2 snowshoers killed in Colorado avalanche

The deadly avalanche was 400 feet wide, officials said.

The bodies of two people killed when buried by a 400-foot-wide avalanche while snowshoeing in the Colorado mountains have been found, authorities said.

The two, whose names were not immediately released, were found on Sunday afternoon at the 11,700-foot level of North Star Mountain about 90 miles west of Denver when a search dog detected their bodies buried in snow, according to a statement from the Summit County Rescue Group.

The snowshoers and their dog were reported missing on Saturday after not returning from their outing, officials said.

Summit County Sheriff’s Deputies and about 33 members of the Summit County Rescue volunteer group immediately launched a search for missing persons after they found their car in a parking lot in the popular hiking area, authorities said.

A helicopter crew spotted what appeared to be faint tracks in an area of ​​interest on a side of North Star Mountain where there had been a recent avalanche and deployed two avalanche dog search teams.

“An avalanche rescue dog located both snowshoers and their dogs, all of whom were completely buried in avalanche debris. All were dead,” the Summit County Rescue Group statement said.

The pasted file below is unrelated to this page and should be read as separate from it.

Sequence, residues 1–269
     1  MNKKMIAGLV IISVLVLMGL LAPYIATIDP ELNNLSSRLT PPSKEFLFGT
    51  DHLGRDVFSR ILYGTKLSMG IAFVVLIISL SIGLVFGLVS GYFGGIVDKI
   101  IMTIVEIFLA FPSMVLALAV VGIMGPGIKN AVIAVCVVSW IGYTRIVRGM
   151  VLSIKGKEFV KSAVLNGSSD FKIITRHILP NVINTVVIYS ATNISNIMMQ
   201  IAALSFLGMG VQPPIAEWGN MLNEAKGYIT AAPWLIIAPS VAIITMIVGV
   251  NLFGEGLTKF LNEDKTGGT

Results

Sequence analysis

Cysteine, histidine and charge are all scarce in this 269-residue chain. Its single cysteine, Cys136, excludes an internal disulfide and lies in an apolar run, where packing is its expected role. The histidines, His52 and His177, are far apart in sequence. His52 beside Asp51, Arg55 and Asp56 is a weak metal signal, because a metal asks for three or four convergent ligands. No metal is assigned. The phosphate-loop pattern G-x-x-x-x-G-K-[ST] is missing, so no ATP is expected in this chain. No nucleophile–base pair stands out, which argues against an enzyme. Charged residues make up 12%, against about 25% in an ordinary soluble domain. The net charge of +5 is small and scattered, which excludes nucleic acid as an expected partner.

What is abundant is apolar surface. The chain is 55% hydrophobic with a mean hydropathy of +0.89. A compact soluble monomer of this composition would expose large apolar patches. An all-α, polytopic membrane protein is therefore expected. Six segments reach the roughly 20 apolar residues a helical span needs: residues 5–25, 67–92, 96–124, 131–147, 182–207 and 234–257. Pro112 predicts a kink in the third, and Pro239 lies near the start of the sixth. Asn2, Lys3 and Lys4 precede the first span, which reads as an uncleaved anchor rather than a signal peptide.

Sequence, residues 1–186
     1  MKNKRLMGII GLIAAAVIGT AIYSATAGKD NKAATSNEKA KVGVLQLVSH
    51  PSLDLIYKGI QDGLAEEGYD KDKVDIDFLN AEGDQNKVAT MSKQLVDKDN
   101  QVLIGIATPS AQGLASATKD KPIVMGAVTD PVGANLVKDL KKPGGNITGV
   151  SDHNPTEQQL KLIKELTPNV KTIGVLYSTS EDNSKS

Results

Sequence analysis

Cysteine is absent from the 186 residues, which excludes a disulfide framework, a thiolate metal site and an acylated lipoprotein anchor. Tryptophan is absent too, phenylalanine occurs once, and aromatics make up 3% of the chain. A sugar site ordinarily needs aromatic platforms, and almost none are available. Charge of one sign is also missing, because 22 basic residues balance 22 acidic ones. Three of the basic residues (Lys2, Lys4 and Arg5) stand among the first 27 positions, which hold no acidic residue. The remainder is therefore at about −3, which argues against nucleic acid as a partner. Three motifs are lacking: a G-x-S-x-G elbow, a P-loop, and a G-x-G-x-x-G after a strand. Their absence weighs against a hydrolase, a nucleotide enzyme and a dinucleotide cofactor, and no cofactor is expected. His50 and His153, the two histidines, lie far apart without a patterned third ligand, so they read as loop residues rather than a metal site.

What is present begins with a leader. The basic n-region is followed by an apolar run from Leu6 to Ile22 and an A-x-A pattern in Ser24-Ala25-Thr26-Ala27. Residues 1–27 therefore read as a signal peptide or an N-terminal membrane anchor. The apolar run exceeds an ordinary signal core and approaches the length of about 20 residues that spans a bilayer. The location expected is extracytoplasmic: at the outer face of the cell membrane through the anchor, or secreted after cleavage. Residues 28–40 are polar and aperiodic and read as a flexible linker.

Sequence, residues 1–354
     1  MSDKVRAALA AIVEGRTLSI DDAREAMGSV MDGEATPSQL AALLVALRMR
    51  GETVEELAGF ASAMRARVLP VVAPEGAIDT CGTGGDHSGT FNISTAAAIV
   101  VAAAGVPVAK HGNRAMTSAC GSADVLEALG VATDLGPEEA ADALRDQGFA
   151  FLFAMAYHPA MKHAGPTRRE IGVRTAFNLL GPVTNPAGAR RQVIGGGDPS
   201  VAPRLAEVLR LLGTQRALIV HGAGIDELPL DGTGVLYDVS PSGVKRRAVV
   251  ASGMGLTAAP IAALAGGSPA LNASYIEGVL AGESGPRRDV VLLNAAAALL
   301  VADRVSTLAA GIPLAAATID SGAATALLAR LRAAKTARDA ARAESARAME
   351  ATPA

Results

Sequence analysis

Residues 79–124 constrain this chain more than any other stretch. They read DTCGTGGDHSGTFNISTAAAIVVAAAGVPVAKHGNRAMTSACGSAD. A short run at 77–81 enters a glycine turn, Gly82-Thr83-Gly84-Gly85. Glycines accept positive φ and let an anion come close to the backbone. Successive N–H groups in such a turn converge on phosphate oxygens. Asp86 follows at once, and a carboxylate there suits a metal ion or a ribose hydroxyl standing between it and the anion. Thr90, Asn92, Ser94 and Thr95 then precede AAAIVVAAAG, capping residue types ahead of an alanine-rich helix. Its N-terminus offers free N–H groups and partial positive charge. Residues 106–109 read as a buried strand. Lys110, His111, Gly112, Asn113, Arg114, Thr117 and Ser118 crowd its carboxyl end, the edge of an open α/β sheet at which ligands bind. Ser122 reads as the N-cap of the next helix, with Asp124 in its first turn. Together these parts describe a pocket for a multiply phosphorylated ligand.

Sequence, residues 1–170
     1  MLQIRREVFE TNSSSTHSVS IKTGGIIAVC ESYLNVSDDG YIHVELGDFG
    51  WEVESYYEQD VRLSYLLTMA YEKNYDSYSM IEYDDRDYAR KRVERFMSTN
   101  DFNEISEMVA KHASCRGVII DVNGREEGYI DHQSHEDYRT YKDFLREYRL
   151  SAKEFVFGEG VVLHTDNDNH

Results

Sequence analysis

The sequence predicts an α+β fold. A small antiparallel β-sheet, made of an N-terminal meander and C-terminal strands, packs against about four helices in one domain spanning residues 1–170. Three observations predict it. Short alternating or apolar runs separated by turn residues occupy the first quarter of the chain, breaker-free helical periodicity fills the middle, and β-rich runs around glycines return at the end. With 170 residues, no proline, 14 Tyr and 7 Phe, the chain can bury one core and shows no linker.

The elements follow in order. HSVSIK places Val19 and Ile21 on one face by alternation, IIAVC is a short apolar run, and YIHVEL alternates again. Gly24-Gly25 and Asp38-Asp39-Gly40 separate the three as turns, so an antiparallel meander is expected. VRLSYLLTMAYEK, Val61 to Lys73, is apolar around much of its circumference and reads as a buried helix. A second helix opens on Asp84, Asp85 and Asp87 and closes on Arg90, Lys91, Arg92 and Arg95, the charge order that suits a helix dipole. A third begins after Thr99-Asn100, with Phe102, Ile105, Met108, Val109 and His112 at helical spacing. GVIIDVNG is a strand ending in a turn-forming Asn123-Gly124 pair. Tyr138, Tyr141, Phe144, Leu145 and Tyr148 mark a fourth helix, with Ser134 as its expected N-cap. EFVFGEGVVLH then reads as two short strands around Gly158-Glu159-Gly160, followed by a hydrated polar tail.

The Colorado Avalanche Information Center announced plans to send a team on Monday to inspect the area.

A preliminary report estimated the avalanche was about 400 feet wide and slid about 250 vertical feet up the mountain, officials said.

At least eight people have been killed in avalanches in the United States since December 11, including two snowmobilers who were killed at Scotch Bonnet Mountain in Montana on December 27 and an off-piste skier whose body was found on December 24. December in the Diamond Peaks. in the Rocky Mountains of Colorado, according to the Colorado Avalanche Information Center.

ABC News’s Jeffrey Cook and Marilyn Heck contributed to this report.


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